By Andrew Bushe
DUBLIN — The eight men arrested by Gardai for questioning about suspected republican paramilitary activities were released without charge last week.
The eight, three from Northern Ireland and five from the Republic, were detained after the Republican Sinn Fein splinter group held its annual conference in Drogheda. They included the party’s vice president, Des Long, its only councilor, Joe O’Neill, Rory Og O Bradaigh, the son of the party’s president, and Eamonn Larkin, from South Armagh.
RSF strongly opposes the Northern Ireland peace agreement and Gardai believe its military wing is the Continuity IRA — the only republican paramilitary group not to have declared a cease-fire. RFS denies this.
The men were questioned about suspected membership of the CIRA and their possible involvement in other subversive activities.
Another Provisional IRA prisoner has been released Portlaoise Prison under the terms of the Northern Ireland peace agreement.
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Peter Sherry, 43, from County Meath, had been transferred to Portlaoise from a prison in Britain last January.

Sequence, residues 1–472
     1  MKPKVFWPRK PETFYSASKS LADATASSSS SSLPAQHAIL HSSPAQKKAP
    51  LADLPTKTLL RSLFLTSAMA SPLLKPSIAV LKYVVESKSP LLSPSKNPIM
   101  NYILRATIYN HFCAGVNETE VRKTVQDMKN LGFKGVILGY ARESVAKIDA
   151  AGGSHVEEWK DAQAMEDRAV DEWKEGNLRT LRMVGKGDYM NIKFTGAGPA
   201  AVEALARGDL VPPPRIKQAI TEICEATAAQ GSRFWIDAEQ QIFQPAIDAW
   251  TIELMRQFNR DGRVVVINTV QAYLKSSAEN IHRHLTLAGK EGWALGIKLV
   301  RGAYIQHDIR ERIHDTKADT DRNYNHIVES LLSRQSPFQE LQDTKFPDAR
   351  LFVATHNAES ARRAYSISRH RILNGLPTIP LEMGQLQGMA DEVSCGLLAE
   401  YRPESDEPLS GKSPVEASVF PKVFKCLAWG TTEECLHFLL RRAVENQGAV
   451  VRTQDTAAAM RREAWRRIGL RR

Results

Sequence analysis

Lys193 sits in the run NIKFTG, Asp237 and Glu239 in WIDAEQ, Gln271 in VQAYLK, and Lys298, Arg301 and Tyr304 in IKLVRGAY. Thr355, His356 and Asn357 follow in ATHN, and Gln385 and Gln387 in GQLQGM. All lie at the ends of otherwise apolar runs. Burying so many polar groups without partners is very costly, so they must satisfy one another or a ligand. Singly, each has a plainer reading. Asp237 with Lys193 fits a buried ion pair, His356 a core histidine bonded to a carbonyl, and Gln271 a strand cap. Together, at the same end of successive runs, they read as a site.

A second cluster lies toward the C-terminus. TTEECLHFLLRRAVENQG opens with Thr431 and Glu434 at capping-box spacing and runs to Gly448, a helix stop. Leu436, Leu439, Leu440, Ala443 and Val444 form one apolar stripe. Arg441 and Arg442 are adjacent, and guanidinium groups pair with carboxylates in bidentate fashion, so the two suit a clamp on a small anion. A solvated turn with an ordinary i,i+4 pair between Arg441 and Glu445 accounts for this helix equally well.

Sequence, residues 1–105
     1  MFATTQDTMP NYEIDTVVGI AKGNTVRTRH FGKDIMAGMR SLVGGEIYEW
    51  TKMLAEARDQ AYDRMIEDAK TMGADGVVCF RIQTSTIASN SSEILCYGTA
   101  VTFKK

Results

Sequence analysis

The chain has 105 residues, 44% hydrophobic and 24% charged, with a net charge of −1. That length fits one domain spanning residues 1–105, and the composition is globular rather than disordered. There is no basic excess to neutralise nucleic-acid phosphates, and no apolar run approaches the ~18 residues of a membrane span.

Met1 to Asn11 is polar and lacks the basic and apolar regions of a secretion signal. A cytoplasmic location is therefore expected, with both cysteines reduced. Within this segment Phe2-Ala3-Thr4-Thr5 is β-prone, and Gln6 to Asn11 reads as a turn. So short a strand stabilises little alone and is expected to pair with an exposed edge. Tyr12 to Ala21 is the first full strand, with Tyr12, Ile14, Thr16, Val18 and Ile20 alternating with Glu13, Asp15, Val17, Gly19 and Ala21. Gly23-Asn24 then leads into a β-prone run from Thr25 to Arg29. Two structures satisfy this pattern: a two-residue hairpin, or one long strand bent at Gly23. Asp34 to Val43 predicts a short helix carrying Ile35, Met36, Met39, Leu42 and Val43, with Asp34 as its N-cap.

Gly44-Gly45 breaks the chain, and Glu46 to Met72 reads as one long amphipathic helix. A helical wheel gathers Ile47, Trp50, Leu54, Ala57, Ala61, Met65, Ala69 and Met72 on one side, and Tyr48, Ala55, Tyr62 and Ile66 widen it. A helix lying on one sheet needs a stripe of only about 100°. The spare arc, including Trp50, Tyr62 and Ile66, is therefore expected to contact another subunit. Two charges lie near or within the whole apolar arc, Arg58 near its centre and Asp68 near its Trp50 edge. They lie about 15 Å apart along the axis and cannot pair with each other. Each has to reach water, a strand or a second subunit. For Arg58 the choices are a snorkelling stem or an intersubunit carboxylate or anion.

He was jailed for life in 1985 after he was arrested in Glasgow in June 1985 along with Patrick Magee, who was wanted for the bombing attack on Margaret Thatcher in Brighton, and Gerry McDonald, an escapee from the Maze. Two others arrested at the same time, Martina Anderson and Ella O’Dwyer, were released shortly before Sherry. Forensic tests later linked them to a bomb found in a hotel near Buckingham Palace. All were convicted of conspiring to cause explosions in England.
Sherry’s release leaves 18 convicted IRA men being held who were either transferred from British jails or are serving capital life sentences for the murder of Gardai.
There are four other IRA men still being held pending trials or extradition hearings.
The early release was sanctioned by Justice Minister John O’Donoghue under the Criminal Justice (Release of Prisoners) Act.
Sherry was freed on the recommendation of Release of Prisoners Commission — which comprises two senior civil servants and a barrister — after they had reviewed his case.